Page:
Visitors to Myrtle Beach and other South Carolina beaches often go on charter boat excursions for deep sea fishing, dolphin tours, parasailing, birdwatching, gambling and other adventures. The person operating the charter may call himself or herself captain.
However, does that mean that they have the necessary training to operate the vessel safely?
Protect yourself from untrained operators
The U.S. Coast Guard requires operators of charter vessels carrying six or more passengers to have their captain's license. This is your assurance the operator is trained in navigation and seamanship. Don't go by a person's job title alone. You can ask to see the operator's captain's license before you board the vessel.
An operator who uses an untrained operator may also take other safety shortcuts, such as operating an unseaworthy vessel. A seaworthy vessel is not only one that is in good repair but also carries all necessary safety equipment.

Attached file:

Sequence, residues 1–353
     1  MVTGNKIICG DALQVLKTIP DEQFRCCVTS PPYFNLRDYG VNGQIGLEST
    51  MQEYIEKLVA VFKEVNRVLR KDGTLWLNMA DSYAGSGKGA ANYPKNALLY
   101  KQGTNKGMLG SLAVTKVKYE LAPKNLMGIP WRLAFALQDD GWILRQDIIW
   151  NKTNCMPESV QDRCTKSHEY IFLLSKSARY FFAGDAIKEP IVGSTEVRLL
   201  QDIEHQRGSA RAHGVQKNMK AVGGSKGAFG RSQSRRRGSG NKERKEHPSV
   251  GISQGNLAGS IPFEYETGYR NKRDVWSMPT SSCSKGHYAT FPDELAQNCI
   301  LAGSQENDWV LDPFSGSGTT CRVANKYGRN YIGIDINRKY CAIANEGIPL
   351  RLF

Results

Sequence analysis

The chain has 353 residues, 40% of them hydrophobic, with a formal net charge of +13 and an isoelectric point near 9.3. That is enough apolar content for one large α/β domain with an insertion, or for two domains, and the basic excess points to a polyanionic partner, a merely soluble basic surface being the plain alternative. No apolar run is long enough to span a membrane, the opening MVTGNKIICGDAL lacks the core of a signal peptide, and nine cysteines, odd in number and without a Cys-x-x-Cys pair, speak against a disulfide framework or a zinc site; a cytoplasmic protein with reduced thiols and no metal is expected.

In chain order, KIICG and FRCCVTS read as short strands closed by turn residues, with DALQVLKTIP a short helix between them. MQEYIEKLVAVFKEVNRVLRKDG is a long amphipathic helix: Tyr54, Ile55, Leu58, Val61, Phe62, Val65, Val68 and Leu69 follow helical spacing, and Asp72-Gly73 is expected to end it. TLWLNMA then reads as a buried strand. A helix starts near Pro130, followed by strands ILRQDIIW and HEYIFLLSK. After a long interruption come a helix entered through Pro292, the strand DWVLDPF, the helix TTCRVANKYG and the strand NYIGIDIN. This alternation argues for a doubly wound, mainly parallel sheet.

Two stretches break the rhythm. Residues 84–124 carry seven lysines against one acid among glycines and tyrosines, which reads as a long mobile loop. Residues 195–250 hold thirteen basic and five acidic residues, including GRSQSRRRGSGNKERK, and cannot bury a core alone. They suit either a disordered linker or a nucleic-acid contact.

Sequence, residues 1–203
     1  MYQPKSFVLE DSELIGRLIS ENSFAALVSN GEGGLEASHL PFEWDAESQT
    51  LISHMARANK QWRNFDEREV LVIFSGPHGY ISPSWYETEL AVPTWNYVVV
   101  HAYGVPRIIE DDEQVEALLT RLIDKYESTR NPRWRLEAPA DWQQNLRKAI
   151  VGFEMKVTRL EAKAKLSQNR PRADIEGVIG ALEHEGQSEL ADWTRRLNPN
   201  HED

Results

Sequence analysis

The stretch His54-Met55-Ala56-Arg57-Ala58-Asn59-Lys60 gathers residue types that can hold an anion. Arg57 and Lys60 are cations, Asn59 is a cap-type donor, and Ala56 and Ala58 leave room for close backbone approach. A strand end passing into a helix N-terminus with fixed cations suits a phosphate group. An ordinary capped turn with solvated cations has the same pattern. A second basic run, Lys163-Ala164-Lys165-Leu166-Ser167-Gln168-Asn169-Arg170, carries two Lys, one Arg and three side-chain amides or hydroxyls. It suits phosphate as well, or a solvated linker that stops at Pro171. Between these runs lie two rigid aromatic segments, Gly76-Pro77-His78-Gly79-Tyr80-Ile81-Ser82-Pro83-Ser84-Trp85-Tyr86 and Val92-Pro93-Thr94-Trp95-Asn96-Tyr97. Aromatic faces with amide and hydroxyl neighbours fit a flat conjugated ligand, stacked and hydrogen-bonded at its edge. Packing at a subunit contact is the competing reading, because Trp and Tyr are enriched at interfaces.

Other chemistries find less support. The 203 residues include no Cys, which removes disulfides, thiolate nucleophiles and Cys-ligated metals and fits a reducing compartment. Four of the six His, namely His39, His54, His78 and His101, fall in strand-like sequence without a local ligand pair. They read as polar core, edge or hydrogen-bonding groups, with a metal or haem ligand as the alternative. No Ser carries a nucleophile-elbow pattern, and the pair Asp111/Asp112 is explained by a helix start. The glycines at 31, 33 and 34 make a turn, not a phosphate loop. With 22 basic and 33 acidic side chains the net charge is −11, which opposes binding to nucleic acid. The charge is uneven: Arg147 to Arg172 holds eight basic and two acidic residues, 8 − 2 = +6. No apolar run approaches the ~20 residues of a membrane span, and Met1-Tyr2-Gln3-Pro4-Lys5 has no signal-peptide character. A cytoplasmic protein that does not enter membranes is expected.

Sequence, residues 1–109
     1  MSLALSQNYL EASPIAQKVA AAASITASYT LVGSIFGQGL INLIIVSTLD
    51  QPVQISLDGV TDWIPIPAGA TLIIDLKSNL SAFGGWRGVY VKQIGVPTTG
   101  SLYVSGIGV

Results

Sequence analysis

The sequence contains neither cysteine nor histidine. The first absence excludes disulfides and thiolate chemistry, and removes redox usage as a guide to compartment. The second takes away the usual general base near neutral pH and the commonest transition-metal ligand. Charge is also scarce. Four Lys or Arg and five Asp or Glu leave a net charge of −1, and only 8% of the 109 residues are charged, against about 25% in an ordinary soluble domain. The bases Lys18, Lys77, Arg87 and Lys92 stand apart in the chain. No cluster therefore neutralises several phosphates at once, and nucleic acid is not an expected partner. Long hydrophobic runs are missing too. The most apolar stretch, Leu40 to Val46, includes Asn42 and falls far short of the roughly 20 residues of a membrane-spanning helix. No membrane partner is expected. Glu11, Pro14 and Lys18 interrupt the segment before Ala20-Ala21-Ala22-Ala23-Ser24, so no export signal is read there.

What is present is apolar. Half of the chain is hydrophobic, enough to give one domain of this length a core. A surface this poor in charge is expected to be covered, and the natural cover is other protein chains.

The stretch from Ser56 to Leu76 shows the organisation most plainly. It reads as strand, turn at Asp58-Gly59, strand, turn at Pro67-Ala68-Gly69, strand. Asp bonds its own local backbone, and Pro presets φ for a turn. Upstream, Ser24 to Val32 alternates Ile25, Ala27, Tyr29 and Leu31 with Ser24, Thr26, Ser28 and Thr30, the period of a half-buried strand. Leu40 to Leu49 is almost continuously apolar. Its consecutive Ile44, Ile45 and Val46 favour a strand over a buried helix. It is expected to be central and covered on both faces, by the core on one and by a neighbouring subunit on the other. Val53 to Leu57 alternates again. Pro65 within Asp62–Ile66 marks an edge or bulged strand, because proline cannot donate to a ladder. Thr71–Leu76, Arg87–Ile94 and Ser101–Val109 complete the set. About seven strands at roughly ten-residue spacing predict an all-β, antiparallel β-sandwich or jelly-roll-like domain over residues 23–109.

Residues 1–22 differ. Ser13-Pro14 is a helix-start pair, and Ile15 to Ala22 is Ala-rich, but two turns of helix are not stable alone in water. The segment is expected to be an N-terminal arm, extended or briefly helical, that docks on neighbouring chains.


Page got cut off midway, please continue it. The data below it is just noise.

What if I am injured at sea?
You may expect the charter boat operators to pay for your losses if your are injured. Unfortunately, most will not do so unless they are forced to. It often takes an attorney who understands maritime law to recover the compensation you need.
Some of the most common types of accidents at sea include:
- Collisions with fixed objects such as docks and jetties
- Collisions with other boats
- Striking a submerged object
- Engine failures
Proofing negligence can be challenging, because there are no skids marks on the ocean to help in reconstructing the accident. Accident debris sinks to the bottom or be carried away by waves.
South Carolina attorney S. Scott Bluestein has more than two decades of experience handling boating accident cases.